This piece was originally broadcast on Radio Scilly in June 2019.
Hello again from the Observatory on St Martin’s. June’s not the best month for stargazing as you have to stay up so late! But that’s not to say it’s not rewarding when you do. We’ve had a mixed bag of night skies in the last couple of weeks, and a good few of those have been relatively clear.
As we inch towards the summer solstice (the longest day and shortest night), on 21 June, it doesn’t currently get truly dark until about 11pm. Even at half past 10, on a clearer night you won’t need a torch if you venture out. Here in Scilly, that’s due to our flat horizons with so much sea around, so the last light of the sun lingers on...and on.
Come darkness and some summertime beauties are yours to behold. Look to the East and you’ll spot a distinctive triangle of three stars of near equal brightness. This is known as the summer triangle. Its stars are Vega, Deneb and Altair.
I’ve mentioned Vega before, as it’s one of the brightest stars we can currently see and one of the first to pop out as the sky darkens. Vega forms the vertex (the top point) of the summer triangle. It’s part of the constellation Lyra, the harp, or more technically, the lyre. But Vega’s so much, much brighter than Lyra’s other stars, so you’ll need a good clear night to pick them out. Lyra’s shaped – helpfully – a bit like a lyre, with 4 fainter stars forming the body of the instrument and Vega at its neck.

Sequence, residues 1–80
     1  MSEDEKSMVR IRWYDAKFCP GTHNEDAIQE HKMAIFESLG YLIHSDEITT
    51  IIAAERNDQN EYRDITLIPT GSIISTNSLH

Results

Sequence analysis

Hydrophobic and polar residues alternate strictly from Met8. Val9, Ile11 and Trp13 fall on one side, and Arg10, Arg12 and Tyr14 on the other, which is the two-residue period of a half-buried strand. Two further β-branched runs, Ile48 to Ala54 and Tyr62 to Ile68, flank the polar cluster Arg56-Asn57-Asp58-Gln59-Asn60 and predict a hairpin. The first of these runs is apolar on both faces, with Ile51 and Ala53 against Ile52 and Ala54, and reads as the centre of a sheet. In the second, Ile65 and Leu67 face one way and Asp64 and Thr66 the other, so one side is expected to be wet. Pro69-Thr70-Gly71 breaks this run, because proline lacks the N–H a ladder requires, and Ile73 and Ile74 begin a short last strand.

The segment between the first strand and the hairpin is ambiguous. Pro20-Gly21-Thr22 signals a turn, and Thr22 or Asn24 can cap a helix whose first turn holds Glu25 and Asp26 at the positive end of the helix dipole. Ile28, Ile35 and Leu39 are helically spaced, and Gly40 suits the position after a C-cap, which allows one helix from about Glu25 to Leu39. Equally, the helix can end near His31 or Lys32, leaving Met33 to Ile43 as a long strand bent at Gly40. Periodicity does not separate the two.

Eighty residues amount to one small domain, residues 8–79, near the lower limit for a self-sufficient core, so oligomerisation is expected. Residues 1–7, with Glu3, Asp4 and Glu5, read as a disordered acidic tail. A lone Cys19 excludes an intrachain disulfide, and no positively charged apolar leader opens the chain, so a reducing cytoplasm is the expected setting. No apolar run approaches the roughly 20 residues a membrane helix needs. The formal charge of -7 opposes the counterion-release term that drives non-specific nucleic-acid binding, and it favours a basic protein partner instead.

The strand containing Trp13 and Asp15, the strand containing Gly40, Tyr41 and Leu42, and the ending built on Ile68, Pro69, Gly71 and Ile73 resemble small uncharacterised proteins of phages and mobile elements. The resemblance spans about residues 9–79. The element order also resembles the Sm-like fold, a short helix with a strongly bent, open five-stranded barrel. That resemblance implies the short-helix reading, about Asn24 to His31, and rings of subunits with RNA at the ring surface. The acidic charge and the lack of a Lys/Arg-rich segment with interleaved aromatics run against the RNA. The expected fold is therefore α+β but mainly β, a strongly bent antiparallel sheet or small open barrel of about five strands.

Altair is the star of the summer triangle closest to the horizon and its part of constellation Aquila, the eagle. At a mere 16.7 light years away from us, Altair’s one of the closest stars to us visible with the naked eye. But it’s only the 12th brightest in the night sky, so it’s not as dazzling as Vega.
Deneb – our last point on the summer triangle - is fantastic star to spot as it’s a great waymarker to finding Milky Way. Deneb is part of constellation Cygnus, the swan. It’s a lovely one, this. Looking like a flying swan with its wings spread. The brightest stars in Cygnus form what looks like a Christian cross, hence it also being known as the Northern Cross. The Northern Cross lies smack bang along the visible streak the Milky Way. If you’re lucky to have a clear and dark night, you can’t miss the Milky Way – it’s not ‘light cloud’ you’re seeing in that haze – it’s millions and billions of stars!
Hopefully that’s given you a few things to find for the next couple of weeks. As I say, these are visible from 11pm onwards, so you needn’t burn the midnight oil dry.
We’ve been enjoying the The Planets, on telly on BBC2 every Tuesday evening, presented by Brian Cox. The last instalment took a fascinating look at Mars – our nearest planet. Once a watery world, now a barren, rocky land devoid of life.
If you’re interested, you can currently catch a glimpse of Mars, here on Scilly, from about 10 o’clock onwards. Look West towards the last light of the Sun, below and to the right of the rising Moon, close to the Western horizon. You’ll see a light red dot. Mars is nowhere near its brightest, and the light background of the sky doesn’t help. But if you want to glimpse captivating red planet for yourself, there it will be.